Summer Reading Challenge

If you’re like me, then maybe you’re thinking “Summer is here! This will be the year I get some real reading done whilst I bake-in a beautiful tan by the pool, or while I sit by the glow of a campfire, or while I relax on a much-needed family vacation”!

Many of us think this way, only to be stymied when it comes time to finally crack open volume III of War and Peace (because you already finished volumes I and II in your spare time).

As Christians we know the value of a good book (especially THE Good Book!), and how enjoying literature through Christian eyes can open up new worlds of discussion/community, self-awareness, and appreciation for the world God created. Malcom Muggeridge once captured this well when he said…

“Books like Resurrection and The Brothers Karamazov give me an almost overpowering sense of how uniquely marvelous a Christian way of looking at life is, and a passionate desire to share it.”

But as beneficial as reading can be, it can also be daunting.

That is why I would like to offer you a few ideas of good books as well as a Summer Reading Challenge.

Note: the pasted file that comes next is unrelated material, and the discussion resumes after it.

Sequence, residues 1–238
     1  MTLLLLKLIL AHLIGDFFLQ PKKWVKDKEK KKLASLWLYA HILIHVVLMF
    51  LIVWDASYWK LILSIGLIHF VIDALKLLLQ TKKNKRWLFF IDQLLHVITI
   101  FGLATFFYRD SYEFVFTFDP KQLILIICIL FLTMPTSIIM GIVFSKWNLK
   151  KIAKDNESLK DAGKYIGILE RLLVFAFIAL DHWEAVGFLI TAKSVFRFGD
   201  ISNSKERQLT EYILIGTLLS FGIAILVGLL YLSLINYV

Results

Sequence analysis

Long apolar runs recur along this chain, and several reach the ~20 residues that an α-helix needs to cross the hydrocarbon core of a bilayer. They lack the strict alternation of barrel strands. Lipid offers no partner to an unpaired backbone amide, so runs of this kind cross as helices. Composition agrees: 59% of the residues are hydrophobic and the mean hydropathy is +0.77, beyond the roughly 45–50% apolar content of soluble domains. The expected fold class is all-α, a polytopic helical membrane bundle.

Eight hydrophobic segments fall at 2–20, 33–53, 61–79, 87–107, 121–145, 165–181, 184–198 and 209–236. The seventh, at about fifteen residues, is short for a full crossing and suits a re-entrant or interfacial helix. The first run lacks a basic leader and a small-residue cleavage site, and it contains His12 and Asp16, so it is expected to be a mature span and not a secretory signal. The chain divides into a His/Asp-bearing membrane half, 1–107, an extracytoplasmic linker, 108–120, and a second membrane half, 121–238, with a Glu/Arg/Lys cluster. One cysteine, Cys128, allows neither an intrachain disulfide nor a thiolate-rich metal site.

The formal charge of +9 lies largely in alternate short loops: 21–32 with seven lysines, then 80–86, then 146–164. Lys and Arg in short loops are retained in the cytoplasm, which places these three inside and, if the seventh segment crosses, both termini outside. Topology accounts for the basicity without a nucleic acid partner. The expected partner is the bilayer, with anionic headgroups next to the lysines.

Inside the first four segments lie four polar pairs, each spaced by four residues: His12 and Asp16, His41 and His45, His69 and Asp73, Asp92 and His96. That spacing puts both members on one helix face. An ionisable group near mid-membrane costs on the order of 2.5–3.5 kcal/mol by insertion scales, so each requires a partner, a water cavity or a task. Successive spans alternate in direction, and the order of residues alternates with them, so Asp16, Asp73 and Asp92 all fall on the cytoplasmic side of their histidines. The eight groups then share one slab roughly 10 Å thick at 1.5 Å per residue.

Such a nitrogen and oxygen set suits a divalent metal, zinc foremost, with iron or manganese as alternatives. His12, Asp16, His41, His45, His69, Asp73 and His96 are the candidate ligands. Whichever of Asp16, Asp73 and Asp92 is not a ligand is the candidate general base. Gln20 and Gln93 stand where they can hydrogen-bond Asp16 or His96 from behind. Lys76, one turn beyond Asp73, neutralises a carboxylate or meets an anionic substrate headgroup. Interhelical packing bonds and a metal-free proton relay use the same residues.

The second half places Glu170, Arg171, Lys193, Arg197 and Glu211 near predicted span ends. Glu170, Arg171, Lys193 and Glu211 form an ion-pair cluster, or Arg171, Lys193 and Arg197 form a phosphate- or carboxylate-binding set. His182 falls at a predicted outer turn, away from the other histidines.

The Challenge is simple: pick a book from the list below, and along with some friends from community group, or other Veritasers, and read the book together. Then, share your experience with me as the summer progresses. Our goal is to send out updates throughout the summer along with thoughts about these books from other community members, and see how the gospel shapes our literary experience.

Should you choose to accept this mission, here are a few ways to enjoy your summer reading:

  1. Read with friends from Community Group or other fellow Veritas friends! Get together a few times for coffee, breakfast, or playdates and talk about the book, or send each other obnoxiously long texts during the week about the book!
  2. Listen to the book – this is a great guilt-free grace-driven audible-empowered alternative to reading. This is perfect if you’re doing a lot of driving, if you just don’t like to read, or you’re just plain lazy.
    Read something from below which challenges and stretches you – then try not to brag about it as you pretend like you understand its philosophical or spiritual depths.
  3. Read aloud to your kids (if you aren’t blessed with kids, just enjoy your book in peace and quiet). Kids benefit a great deal from age-appropriate stories which fire their imaginations!
  4. Click here for 10 ideas for your reading pleasure this summer!

PJ Wenzel